Garnett says that part of the reason Colorado’s law paid such attention to the online model had to do with the proliferation of marijuana dispensaries “that have overtaken some communities.” To avoid that with sports betting, the proposed legislation focused on an online model that would protect consumers, “geo-fence” the state so that online bets could only be placed within its borders and foster competition so that one or two operators wouldn’t dominate the market.
But in-person betting still has its place. At this point, the state’s monthly report doesn’t reflect the volume of bets that happen online vs. in person because of the relatively small number of operators. But casinos like the Monarch in Black Hawk have plans to expand their sports betting space considerably from the current pair of kiosks tucked into a corner by an exit.
Erica Ferris, director of casino marketing for the Monarch, says the pandemic pause provided time for the company to perfect its mobile app, even as it completes what it touts as a state-of-the-art sportsbook space.
“I think what is great about an app is it allows you to bet from absolutely anywhere in our state,” she says. “I don’t think it diminishes how people enjoy coming to a sportsbook from time to time. And I think as we get into big fantasy drafts and things like that next year people will still be interested in coming to a sportsbook. Watching a great game is watching a great game, and being able to place a sports wager with knowledgeable professionals is the goal.”
Still, in relative terms, she describes the sportsbook as “an add on. It’s a delightful amenity that we can offer our guests in conjunction with the other slots and table games that we already offer.”
DraftKings’ Avello, noting “big plans” for what’s now a temporary sportsbook at the Mardi Gras casino in Black Hawk, echoed that physical spaces are important for lots of bettors who like the camaraderie of a retail location.
“Mobile and digital is the future, but bricks-and-mortar is important for people who want to make a bet or talk to a ticket writer about a bet,” he says. “Those places are still important.”
Garnett contends that the future may actually be in giving sports bars a “face lift,” with amenities that let fans enjoy the group dynamic, have relevant information at their fingertips, watch multiple events at once and place their bets through the apps on their phones.
For serious bettors like Jennings, the only time he might place a bet at a retail sportsbook is “a total one-off, if I’m ever in Blackhawk and want to bet in cash. But the online conveniences, that’s my business. Cash is just a nuisance more than anything.”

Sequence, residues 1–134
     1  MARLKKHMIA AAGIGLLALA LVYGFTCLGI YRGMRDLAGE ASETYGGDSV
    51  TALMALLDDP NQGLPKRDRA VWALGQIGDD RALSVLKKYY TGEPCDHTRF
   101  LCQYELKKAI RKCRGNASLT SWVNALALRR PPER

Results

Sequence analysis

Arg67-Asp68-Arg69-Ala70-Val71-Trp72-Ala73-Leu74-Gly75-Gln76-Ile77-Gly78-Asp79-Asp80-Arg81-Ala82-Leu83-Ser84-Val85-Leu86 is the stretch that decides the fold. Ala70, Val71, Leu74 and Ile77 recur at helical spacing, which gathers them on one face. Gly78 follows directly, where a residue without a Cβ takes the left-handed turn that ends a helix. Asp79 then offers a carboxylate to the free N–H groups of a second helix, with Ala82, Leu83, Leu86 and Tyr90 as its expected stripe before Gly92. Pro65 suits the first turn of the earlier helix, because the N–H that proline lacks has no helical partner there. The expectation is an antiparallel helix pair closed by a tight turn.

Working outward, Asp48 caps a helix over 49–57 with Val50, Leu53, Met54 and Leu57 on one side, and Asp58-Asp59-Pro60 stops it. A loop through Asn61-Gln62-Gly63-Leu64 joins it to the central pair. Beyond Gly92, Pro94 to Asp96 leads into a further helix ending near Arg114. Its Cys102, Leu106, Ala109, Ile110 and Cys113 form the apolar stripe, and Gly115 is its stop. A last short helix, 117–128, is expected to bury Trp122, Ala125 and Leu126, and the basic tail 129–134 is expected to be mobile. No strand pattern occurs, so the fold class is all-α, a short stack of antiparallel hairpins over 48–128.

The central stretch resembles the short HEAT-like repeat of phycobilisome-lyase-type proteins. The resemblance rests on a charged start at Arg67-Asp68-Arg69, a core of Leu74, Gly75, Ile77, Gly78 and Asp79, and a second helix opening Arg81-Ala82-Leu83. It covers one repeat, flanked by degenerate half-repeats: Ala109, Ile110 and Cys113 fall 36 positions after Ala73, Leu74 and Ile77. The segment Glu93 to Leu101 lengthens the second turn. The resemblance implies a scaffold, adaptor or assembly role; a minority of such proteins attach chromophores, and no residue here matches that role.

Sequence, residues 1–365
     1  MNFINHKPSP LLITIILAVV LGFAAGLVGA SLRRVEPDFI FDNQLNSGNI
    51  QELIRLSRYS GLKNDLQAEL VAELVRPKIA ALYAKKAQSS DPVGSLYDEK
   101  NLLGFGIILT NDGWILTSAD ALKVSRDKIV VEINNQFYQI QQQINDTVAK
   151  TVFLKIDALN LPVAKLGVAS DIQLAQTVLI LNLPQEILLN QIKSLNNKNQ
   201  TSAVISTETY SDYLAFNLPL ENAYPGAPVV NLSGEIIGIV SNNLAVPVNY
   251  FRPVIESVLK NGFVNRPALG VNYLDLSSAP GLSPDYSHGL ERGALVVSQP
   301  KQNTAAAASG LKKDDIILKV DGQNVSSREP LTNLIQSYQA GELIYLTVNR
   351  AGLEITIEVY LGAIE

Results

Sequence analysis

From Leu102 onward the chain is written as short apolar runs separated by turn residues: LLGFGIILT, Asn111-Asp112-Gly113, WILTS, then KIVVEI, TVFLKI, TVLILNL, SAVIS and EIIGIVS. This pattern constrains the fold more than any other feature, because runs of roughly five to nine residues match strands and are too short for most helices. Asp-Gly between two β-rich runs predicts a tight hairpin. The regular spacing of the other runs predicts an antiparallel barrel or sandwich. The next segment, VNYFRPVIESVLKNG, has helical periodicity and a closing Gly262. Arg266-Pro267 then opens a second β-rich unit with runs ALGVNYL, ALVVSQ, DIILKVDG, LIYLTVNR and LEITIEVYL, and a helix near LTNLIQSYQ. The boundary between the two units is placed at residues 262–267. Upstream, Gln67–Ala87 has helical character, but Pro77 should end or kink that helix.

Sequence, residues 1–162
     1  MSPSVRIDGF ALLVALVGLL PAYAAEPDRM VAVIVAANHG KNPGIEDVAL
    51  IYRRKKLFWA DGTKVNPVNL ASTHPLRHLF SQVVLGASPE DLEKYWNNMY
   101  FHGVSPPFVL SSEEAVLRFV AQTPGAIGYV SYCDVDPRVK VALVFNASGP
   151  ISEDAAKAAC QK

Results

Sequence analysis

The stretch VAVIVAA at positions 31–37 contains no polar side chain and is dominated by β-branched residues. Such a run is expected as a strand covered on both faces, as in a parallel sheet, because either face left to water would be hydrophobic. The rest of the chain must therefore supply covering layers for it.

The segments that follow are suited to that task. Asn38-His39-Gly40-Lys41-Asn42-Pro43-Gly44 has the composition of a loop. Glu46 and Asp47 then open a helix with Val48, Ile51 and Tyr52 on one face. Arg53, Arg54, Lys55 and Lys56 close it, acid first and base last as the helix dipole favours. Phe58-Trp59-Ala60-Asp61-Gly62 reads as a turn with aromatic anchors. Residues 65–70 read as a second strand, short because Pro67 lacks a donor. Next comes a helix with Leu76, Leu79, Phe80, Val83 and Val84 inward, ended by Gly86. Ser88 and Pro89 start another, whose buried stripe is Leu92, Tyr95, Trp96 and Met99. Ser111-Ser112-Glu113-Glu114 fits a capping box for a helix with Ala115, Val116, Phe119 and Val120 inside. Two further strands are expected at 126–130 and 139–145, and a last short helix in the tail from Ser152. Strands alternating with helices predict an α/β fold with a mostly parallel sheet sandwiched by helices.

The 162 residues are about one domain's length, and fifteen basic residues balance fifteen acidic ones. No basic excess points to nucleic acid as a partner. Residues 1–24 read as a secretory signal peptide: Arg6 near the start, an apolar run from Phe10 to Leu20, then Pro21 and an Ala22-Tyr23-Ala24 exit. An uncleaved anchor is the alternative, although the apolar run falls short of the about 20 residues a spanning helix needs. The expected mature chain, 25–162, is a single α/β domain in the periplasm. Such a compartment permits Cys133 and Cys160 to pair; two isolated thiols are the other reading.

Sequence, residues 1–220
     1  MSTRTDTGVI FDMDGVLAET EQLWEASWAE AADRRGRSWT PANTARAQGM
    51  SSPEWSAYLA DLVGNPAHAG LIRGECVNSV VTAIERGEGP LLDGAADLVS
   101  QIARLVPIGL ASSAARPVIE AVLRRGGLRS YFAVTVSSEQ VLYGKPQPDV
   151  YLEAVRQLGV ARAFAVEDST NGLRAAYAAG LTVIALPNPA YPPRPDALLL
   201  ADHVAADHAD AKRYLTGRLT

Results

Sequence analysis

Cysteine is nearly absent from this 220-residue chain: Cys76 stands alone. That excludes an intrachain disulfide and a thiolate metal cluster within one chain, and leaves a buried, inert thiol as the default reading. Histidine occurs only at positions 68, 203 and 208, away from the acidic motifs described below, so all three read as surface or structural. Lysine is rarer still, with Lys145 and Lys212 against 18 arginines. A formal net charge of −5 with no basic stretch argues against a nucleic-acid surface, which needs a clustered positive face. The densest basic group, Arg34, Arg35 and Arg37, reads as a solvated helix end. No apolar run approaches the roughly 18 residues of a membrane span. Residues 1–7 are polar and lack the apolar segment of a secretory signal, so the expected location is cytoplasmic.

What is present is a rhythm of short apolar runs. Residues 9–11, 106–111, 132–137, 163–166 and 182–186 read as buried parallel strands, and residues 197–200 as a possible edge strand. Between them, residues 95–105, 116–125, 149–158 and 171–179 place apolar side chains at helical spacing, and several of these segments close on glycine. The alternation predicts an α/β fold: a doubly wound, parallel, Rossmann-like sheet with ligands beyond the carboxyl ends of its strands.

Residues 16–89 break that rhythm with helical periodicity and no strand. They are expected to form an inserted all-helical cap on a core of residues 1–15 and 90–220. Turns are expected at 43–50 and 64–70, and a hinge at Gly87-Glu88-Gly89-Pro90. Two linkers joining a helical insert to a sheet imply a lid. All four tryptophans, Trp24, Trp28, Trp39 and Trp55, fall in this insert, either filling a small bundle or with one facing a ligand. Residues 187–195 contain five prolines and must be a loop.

And on those very occasional times when he makes an entertainment bet — like say, if his CSU Rams were playing the University of Colorado — and he wanted to go with his heart rather than his strategic model, he would at the very least shop around for the best terms, whether it be odds, point spread or moneyline.
“I don’t really need that in my life,” he says of betting sports just for fun. “I’m betting all the time. In the instance I do, I’d feel better and justified if I find an outlier price.”
Whether the bettor is a professional like Jennings or one of the many recreational bettors willing to put a few bucks on the home team, one principle applies. Gambling, like investing, is all about risk tolerance. Jennings figures he probably has higher risk tolerance than the average person, but when it comes to protecting his assets in the market, he calls himself a “buy and hold” kind of guy.
Once he got married and started to build a financial foundation, he says, he’s become “hyperaware” of managing what he has, and suspects his risk tolerance will recede as he gets older. That said, he’s excited to see where sports betting goes in Colorado.
“I couldn’t be more bullish on this space,” Jennings says. “Part of the legalization that’s great is the stigma around being a sports bettor or ‘gambler’ is being eroded. The stock market is the biggest casino in the world. It’s just a different value proposition. The majority of the collective value of group betting is entertainment.”
Our articles are free to read, but not free to report
Support local journalism around the state.
Become a member of The Colorado Sun today!
The latest from The Sun
- To test or not to test? Colorado educators and advocates divided on CMAS in a pandemic
- $5 million bond for man accused of killing 12-year-old Greeley girl in 1984
- Colorado student, scientist named Time Magazine’s “Kid of the Year”
- More than 46,000 doses of coronavirus vaccine will soon head to Colorado. Here’s what happens next.
- What happened when the only ER doctor in a rural Colorado town caught coronavirus